Our plan was to stay at the Icefield Center for only one night and pack up our stuff to hitchhike to Lake Louise, the next biggest town in Banff Nationalpark.. until.. Ellen offered us some hot tea. I was the only one receiving it since my body craved something warm after the hike to the Athabasca Glacier in the morning. Yep, we weren't as well prepared for this camping trip. The boys wanted to keep it adventurous and wanted to do stuff like: camping wild, making our own fire, using soup cans instead of pots.. didn't work out that well I'd say.
But anyways, so at the end, we stayed one more night and Ellen gave us a ride to Lake Louise. Again, we were really fortunate to meet her because she even offered us to stay at her place when we would arrive back in Vancouver. Crazy, huh? So, it's always better to not plan and just go with the flow..
The day we drove towards Lake Louise, we stopped at several sightseeings and did one short hike, which was manageable for my swollen and blue ankle. First, we did the 2hr, 5,4km (with return) Parker Ridge Trail which brought us to the amazing view of the Saskatchewan Glacier and the Saskatchewan River. Then, we stopped at Peyto Lake, which has this incredible ice blue color.
The third stop we did was at Bow Lake, which was just amazing and beautiful. I loved it there because you could also walk by the water and not only stand on a platform to look at it.
Since we spent so little time in the Jasper Nationalpark, we decided to stay the rest of our trip in Lake Louise. At first, we really had a hard time finding a space to pitch our tent because it is high season right now and the campground here was full, but for the first night everything turned out fine because the Hostel in town had three spots left. It was kind of expensive but at that point (it was early evening again) we would take anything. After checking in, we went hiking shoes shopping and although it was super expensive, I was happy with my purchase. That day we did not do much and were glad about a hot shower and some warm food. You really get to appreciate it. The next day, we got up early and hoped for a spot at the campground. Again, we had luck and booked three more nights there. Funny thing, when we walked to our site, there was a stick on the table, which turned into my hiking stick and it was just perfect for my ankle..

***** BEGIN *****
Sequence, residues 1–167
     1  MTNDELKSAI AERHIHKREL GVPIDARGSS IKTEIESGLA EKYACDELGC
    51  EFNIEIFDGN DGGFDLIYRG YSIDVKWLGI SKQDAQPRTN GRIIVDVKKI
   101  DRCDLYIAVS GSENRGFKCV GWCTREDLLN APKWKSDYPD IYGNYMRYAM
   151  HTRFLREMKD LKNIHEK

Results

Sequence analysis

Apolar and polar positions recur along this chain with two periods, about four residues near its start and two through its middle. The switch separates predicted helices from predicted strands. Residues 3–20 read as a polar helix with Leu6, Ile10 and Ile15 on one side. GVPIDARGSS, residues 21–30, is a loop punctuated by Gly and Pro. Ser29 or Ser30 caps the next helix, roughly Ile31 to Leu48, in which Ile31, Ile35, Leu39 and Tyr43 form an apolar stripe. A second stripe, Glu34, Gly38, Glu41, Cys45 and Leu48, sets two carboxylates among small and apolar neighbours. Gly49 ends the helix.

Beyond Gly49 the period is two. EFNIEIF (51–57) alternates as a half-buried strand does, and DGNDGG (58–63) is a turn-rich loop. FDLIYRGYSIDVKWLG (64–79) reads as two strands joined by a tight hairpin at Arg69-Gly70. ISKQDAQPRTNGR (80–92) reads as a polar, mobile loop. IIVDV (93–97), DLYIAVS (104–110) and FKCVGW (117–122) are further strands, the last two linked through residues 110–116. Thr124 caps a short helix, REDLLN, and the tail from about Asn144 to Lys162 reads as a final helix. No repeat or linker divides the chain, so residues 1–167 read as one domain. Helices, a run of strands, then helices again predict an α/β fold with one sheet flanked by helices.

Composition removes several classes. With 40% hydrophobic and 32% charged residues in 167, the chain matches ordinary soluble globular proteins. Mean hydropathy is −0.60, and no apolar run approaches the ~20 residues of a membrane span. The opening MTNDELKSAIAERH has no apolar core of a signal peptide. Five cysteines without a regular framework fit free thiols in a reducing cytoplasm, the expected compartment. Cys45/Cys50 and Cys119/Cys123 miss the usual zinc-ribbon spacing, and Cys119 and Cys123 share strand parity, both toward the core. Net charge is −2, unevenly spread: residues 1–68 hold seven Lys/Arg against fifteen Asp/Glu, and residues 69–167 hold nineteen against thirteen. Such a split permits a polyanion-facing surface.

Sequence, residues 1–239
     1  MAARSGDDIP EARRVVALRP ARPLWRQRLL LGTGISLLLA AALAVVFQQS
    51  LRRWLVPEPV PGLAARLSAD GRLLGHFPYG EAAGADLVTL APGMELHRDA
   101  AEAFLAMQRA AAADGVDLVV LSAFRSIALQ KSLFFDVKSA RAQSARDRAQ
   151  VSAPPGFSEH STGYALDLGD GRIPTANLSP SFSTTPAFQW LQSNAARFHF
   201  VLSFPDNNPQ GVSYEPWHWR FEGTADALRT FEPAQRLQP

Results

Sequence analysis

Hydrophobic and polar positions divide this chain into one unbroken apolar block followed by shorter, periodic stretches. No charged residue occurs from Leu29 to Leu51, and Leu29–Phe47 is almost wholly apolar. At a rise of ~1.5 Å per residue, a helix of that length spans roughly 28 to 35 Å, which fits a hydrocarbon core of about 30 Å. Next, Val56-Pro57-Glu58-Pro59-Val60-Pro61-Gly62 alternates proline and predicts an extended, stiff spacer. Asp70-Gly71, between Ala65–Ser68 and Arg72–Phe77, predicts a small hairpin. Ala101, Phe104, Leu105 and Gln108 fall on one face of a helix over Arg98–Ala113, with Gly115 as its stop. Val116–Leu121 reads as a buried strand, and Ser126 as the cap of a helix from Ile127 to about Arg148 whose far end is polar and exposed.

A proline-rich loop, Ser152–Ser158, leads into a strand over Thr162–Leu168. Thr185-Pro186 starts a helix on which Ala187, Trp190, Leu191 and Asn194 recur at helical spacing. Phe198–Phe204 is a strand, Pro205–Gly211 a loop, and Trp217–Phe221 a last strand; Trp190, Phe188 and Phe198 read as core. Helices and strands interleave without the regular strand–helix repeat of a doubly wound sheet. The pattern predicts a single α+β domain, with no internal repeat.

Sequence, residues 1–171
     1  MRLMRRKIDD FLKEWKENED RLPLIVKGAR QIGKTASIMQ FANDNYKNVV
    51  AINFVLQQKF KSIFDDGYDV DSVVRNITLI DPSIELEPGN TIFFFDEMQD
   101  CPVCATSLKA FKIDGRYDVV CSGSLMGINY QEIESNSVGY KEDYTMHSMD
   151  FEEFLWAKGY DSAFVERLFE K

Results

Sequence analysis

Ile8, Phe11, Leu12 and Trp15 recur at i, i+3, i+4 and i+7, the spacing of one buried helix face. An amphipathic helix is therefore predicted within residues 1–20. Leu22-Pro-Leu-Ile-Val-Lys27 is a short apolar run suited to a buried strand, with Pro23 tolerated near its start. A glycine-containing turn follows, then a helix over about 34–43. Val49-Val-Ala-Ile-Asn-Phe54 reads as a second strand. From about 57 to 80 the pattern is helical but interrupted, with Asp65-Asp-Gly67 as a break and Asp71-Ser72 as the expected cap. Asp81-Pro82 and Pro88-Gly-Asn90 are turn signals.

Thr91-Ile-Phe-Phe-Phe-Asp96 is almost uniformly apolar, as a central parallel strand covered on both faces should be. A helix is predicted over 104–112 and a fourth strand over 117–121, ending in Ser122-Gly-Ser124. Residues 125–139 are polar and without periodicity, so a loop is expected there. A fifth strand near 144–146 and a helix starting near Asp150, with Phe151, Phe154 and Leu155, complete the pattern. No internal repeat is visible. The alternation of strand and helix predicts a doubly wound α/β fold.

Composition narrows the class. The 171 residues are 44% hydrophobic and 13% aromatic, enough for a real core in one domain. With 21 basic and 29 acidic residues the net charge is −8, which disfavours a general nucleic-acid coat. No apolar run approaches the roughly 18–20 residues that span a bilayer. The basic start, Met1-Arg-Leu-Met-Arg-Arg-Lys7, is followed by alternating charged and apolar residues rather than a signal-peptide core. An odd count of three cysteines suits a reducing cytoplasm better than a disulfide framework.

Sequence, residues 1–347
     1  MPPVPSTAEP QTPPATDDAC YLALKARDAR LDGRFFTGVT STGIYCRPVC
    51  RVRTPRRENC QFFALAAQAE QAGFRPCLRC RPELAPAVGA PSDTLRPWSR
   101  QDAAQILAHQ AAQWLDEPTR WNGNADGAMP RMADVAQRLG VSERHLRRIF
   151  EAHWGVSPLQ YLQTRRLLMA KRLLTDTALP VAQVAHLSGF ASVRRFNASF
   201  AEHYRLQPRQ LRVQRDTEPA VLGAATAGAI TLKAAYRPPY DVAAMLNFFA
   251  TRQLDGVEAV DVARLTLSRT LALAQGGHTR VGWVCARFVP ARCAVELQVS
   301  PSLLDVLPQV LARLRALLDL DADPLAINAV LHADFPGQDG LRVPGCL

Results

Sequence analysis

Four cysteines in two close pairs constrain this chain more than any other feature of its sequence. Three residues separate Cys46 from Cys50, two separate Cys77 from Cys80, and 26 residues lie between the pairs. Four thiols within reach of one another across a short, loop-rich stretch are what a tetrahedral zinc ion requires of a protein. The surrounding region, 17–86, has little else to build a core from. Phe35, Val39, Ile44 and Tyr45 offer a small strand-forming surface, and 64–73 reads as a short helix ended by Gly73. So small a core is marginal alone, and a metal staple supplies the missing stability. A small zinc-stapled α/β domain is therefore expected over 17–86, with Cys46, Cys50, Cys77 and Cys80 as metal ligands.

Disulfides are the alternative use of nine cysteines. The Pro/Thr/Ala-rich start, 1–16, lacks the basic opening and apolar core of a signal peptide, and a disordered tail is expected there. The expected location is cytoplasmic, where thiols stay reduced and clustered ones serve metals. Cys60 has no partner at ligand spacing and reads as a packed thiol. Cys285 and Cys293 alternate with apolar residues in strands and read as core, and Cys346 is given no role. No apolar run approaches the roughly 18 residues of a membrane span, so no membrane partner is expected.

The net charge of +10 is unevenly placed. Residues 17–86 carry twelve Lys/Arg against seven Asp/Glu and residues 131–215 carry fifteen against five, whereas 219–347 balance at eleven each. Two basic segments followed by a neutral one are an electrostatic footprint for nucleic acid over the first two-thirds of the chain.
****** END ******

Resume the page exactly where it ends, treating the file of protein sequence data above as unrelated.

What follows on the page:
The first day, we hiked from the campground to Lake Louise, a 4km + hike, which would be our little warm-up for what was coming. Arriving at Lake Louise, it was really crowded and touristy so that we decided to hike further to Mirror Lake. When we arrived there, we were like: Well, it's actually not too bad, let's hike up to the Tea House and to Lake Agnes. In total, we did something like a 14 km (with return), 400m elevation gain, hike. So, at the end it took us pretty much the whole day, but it was totally worth it, hope you enjoy the pictures!
The next day, we rested a bit for our big hike coming up.. We wanted to conquer Mount Fairview because Ellen recommended to us: if you guys only had one day in Lake Louise, do Mount Fairview, 5.1km to summit, 1013m elevation gain, 5 to 6 hour roundtrip. And yes, although a bit handicapped, I wanted to do it, too!
A new post, only for the Mount Fairview Hike is coming up the next days, so stay tuned for more beautiful pictures! And the pictures underneath were taken after the big hike at the Hostel in Lake Louise. After three nights of camping and lots of hiking, we decided to volunteer and work there to stay for free. We wanted to relax and one night, I got to listen to some elders of the First Nation, they talked about their culture, how they had to adapt to the West and what they would do when seeing a bear. I had a blast that night!